Brexit and Industry and Space Policy - workshop proceedings

09-11-2018

This document summarises the presentations and discussions of the workshop of “Brexit and Industry and Space Policy”, which was held on 24 September 2018. The effects of Brexit on EU27 business, trade, value chains, innovation and space policy were assessed. This document was provided by the Policy Department for Economic, Scientific and Quality of Life Policies at the request of the Committee on Industry, Research and Energy (ITRE).

This document summarises the presentations and discussions of the workshop of “Brexit and Industry and Space Policy”, which was held on 24 September 2018. The effects of Brexit on EU27 business, trade, value chains, innovation and space policy were assessed. This document was provided by the Policy Department for Economic, Scientific and Quality of Life Policies at the request of the Committee on Industry, Research and Energy (ITRE).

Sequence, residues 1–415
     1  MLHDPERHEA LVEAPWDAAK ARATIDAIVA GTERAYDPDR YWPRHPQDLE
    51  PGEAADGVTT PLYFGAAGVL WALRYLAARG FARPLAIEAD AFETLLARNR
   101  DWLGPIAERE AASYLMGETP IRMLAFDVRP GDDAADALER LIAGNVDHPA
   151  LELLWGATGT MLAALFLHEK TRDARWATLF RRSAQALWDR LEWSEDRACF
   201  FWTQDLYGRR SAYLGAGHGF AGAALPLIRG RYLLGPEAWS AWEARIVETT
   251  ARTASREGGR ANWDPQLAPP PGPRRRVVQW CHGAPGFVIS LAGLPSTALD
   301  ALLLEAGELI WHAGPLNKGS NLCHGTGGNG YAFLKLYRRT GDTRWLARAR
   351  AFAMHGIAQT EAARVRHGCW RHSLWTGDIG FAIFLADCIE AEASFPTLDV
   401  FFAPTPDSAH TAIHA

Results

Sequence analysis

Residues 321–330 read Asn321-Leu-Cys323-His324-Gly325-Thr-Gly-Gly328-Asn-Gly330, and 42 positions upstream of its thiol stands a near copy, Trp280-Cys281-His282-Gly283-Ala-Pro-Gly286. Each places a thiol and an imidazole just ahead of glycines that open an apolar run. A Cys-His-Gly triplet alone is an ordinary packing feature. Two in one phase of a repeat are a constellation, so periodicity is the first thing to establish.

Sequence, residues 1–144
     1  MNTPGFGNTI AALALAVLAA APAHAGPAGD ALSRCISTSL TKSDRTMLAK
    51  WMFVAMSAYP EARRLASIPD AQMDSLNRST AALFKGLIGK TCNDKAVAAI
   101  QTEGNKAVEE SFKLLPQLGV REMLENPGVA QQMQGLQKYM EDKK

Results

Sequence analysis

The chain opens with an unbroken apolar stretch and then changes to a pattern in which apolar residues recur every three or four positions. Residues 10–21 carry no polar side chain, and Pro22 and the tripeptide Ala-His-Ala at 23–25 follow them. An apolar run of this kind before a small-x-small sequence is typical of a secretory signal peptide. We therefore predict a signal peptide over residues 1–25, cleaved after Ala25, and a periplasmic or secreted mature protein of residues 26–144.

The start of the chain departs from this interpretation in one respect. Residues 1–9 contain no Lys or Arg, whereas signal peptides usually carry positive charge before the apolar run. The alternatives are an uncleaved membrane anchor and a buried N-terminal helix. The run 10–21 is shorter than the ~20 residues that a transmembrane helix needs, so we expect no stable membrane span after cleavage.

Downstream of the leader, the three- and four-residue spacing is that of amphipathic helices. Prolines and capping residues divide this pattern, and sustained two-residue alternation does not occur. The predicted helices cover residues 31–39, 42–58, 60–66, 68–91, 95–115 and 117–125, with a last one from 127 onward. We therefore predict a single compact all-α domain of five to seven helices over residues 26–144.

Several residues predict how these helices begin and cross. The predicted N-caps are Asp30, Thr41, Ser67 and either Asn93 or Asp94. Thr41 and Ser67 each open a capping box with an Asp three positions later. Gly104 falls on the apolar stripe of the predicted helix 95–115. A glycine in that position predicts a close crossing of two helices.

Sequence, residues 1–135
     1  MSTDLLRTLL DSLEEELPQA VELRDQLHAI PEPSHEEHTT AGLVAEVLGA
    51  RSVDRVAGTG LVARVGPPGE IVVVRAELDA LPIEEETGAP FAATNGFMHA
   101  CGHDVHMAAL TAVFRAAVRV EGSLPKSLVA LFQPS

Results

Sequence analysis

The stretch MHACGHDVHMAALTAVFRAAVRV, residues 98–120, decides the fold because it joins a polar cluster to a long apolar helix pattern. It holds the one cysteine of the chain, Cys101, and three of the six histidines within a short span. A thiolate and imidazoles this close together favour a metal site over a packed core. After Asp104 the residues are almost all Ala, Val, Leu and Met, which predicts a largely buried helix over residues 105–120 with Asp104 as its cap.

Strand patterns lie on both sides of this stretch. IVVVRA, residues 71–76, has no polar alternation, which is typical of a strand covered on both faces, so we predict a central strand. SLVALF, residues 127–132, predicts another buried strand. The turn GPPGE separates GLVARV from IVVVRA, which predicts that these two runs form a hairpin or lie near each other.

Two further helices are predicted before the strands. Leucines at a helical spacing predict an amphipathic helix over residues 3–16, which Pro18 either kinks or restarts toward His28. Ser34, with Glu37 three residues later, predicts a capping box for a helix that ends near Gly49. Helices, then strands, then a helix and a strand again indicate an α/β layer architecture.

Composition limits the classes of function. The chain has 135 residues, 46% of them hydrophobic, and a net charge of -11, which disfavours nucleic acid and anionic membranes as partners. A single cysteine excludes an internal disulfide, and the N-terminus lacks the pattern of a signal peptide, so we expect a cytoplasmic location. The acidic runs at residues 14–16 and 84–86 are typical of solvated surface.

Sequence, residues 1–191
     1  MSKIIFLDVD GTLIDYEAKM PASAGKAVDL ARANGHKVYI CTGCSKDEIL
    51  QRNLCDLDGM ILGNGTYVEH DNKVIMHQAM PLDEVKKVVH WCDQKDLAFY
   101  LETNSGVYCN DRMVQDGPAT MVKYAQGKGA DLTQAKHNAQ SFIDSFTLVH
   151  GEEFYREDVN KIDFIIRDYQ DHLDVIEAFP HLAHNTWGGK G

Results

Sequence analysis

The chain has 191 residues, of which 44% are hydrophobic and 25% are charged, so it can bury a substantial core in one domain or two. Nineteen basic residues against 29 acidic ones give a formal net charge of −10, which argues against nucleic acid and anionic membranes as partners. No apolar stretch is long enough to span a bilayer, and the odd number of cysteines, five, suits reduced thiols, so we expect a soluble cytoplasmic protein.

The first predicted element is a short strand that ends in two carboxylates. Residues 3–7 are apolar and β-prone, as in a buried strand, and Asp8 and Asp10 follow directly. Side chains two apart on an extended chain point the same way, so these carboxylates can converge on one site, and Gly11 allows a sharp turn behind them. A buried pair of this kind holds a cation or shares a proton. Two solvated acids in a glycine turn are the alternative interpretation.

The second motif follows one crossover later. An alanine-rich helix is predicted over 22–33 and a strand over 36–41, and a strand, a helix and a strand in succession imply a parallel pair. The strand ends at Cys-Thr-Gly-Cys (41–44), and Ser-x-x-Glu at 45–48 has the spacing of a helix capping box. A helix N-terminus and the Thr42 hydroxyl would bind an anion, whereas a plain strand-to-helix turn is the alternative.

Externe auteur

Bowen CALL, Bruegel Reinhilde VEUGELERS, Bruegel

Algemene beginselen van het industriebeleid van de EU

01-02-2018

Het industriebeleid van de EU is erop gericht het concurrentievermogen van de Europese industrie te verbeteren, zodat de rol als drijfkracht voor duurzame groei en werkgelegenheid in Europa gehandhaafd blijft. Uiteenlopende strategieën werden aangenomen om betere randvoorwaarden voor de industrie in de EU te scheppen. De meest recente strategie wordt beschreven in de mededeling „Voor een heropleving van de Europese industrie” van januari 2014.

Het industriebeleid van de EU is erop gericht het concurrentievermogen van de Europese industrie te verbeteren, zodat de rol als drijfkracht voor duurzame groei en werkgelegenheid in Europa gehandhaafd blijft. Uiteenlopende strategieën werden aangenomen om betere randvoorwaarden voor de industrie in de EU te scheppen. De meest recente strategie wordt beschreven in de mededeling „Voor een heropleving van de Europese industrie” van januari 2014.